Cancer Causes & Control

, Volume 22, Issue 5, pp 775–783 | Cite as

Smoking and alcohol consumption in relation to risk of triple-negative breast cancer in a cohort of postmenopausal women

  • Geoffrey C. KabatEmail author
  • Mimi Kim
  • Amanda I. Phipps
  • Christopher I. Li
  • Catherine R. Messina
  • Jean Wactawski-Wende
  • Lewis Kuller
  • Michael S. Simon
  • Shagufta Yasmeen
  • Sylvia Wassertheil-Smoller
  • Thomas E. Rohan
Original paper



Little is known about the risk factors for triple-negative breast cancer (TNBC), which has a worse prognosis compared to hormone receptor-positive breast cancer. We examined the association of smoking and alcohol intake with TNBC and estrogen receptor-positive (ER+) breast cancer.


Among 148,030 women enrolled in the Women’s Health Initiative, 300 TNBC cases and 2,479 ER+ cases were identified over a median of 8.0 years of follow-up. Cox proportional hazards models were used to estimate hazard ratios (HR) and 95% confidence intervals (95% CI).


Cigarette smoking was not associated with TNBC, whereas drinkers had reduced risk compared to never drinkers. In contrast, both exposures showed slight positive associations with ER+ breast cancer: for women with ≥40 pack-years of smoking, the HR was 1.24, 95% CI 1.06–1.44; for women consuming ≥7 servings of alcohol per week, the HR was 1.26, 95% CI 1.06–1.50. Intakes of wine and hard liquor were also significantly positively associated with ER+ breast cancer.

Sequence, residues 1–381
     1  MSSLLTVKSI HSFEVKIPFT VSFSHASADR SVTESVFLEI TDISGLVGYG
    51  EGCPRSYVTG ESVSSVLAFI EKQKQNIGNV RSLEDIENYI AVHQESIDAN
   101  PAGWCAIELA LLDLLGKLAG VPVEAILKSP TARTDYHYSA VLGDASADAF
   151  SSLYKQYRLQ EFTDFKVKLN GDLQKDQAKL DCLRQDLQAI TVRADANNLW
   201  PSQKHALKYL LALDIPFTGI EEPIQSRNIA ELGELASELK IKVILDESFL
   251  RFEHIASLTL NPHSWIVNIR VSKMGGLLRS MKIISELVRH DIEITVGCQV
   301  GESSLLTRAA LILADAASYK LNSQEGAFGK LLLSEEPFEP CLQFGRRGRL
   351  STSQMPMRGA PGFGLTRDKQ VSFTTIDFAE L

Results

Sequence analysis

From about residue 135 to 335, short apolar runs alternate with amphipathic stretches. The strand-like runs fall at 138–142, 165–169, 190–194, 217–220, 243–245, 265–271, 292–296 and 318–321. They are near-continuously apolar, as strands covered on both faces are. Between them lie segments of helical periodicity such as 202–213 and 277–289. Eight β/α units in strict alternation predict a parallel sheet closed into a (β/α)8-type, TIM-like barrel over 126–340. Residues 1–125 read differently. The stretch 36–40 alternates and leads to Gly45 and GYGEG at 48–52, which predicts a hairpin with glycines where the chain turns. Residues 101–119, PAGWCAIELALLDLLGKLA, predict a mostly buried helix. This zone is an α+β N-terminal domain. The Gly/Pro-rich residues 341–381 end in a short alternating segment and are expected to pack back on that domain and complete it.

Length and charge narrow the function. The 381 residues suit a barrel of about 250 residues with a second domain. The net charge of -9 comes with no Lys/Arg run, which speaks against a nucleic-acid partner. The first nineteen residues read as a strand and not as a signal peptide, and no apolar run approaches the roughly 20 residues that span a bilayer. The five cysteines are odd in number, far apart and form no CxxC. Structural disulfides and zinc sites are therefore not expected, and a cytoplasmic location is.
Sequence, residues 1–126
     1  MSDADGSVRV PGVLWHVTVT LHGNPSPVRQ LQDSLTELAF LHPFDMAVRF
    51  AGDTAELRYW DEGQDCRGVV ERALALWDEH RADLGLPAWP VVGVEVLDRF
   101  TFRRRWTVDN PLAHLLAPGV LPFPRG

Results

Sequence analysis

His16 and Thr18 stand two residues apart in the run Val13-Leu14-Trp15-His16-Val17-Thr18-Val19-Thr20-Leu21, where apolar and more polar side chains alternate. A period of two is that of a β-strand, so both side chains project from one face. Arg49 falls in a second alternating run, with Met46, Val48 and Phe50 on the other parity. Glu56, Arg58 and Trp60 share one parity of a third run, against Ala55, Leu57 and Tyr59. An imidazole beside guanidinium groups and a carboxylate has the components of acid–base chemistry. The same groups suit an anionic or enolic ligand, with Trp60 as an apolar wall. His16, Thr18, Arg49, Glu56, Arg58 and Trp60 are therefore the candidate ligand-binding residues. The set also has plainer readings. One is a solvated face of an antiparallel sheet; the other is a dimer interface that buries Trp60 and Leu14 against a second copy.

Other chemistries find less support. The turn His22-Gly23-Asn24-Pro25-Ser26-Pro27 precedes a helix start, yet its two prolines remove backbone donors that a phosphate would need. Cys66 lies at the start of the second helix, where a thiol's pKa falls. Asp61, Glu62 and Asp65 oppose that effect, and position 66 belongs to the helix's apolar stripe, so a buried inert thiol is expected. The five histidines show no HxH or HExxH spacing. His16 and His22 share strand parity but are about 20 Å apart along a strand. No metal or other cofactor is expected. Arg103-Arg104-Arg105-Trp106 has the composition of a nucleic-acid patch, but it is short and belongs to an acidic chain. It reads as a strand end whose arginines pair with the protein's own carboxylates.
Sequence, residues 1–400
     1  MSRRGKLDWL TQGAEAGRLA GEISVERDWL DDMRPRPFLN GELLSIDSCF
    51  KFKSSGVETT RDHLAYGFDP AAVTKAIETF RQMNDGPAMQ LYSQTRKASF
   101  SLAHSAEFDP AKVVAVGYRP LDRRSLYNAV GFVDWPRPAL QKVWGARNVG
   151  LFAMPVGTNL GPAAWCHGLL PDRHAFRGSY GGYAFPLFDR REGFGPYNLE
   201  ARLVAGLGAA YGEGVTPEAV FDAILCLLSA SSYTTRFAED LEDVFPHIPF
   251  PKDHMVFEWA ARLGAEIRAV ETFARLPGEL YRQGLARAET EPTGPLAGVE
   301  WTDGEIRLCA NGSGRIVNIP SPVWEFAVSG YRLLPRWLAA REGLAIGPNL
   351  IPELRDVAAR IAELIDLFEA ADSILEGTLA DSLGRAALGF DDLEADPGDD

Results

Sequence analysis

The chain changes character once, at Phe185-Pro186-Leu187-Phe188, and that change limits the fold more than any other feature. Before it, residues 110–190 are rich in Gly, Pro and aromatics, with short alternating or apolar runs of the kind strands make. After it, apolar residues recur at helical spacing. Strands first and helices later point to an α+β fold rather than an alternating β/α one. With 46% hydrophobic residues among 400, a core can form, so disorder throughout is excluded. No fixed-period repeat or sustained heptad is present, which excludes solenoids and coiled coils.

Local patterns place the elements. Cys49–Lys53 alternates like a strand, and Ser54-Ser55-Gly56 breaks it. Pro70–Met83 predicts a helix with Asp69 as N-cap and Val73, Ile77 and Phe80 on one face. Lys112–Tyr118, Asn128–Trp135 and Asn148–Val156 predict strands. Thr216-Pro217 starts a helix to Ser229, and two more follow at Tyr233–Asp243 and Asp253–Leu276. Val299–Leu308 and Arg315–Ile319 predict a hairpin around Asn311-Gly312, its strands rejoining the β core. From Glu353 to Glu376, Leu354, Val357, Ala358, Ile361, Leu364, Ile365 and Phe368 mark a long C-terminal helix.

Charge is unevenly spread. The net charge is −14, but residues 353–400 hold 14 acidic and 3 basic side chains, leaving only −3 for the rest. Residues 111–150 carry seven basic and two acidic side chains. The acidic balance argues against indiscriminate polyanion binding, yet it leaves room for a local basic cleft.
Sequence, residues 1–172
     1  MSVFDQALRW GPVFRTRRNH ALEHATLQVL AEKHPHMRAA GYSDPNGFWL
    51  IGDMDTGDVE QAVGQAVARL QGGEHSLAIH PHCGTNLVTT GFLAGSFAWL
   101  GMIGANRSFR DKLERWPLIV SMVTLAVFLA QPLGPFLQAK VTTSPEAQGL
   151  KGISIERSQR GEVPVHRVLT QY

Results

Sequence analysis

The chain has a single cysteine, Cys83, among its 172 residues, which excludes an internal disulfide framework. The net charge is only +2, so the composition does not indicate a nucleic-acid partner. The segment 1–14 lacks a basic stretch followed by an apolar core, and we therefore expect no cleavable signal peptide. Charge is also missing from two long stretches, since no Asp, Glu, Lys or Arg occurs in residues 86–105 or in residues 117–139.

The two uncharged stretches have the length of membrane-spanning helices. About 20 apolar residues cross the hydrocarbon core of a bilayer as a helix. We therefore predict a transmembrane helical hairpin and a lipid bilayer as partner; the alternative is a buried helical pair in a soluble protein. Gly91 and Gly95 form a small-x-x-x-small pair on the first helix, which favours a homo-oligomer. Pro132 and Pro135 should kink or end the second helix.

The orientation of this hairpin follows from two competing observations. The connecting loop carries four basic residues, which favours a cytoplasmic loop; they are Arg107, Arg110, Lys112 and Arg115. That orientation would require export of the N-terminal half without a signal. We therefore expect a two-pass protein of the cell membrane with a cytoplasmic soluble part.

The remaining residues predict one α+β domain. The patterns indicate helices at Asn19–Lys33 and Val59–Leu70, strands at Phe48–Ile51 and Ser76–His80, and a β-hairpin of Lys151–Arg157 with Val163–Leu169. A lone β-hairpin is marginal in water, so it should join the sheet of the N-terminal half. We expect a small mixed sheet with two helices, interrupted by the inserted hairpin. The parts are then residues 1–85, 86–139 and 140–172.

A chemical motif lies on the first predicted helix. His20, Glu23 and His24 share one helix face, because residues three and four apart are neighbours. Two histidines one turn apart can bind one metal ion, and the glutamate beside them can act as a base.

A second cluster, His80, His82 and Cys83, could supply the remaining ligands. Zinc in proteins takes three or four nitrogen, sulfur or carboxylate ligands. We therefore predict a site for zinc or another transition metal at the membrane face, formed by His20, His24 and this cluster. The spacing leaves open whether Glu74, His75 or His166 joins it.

These findings from a large cohort of postmenopausal women suggest that smoking and alcohol consumption are not associated with increased risk of TNBC, but may be modestly associated with increased risk of ER+ breast cancer.


Breast neoplasms Triple-negative Estrogen receptor-positive Cigarette smoking Alcohol consumption Postmenopausal women 


Conflicts of interest



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Copyright information

© Springer Science+Business Media B.V. 2011

Authors and Affiliations

  • Geoffrey C. Kabat
    • 1
    Email author
  • Mimi Kim
    • 1
  • Amanda I. Phipps
    • 2
  • Christopher I. Li
    • 2
  • Catherine R. Messina
    • 3
  • Jean Wactawski-Wende
    • 4
  • Lewis Kuller
    • 5
  • Michael S. Simon
    • 6
  • Shagufta Yasmeen
    • 7
  • Sylvia Wassertheil-Smoller
    • 1
  • Thomas E. Rohan
    • 1
  1. 1.Department of Epidemiology and Population HealthAlbert Einstein College of MedicineBronxUSA
  2. 2.Division of Public Health SciencesFred Hutchinson Cancer Research CenterSeattleUSA
  3. 3.Department of Preventive MedicineStony Brook UniversityStony BrookUSA
  4. 4.Department of Social and Preventive Medicine, School of Public Health and Health ProfessionsUniversity of BuffaloBuffaloUSA
  5. 5.Department of Epidemiology, Graduate School of Public HealthUniversity of PittsburghPittsburghUSA
  6. 6.Department of Oncology, Karmanos Cancer InstituteWayne State UniversityDetroitUSA
  7. 7.Department of Obstetrics and GynecologyUniversity of California at DavisSacramentoUSA

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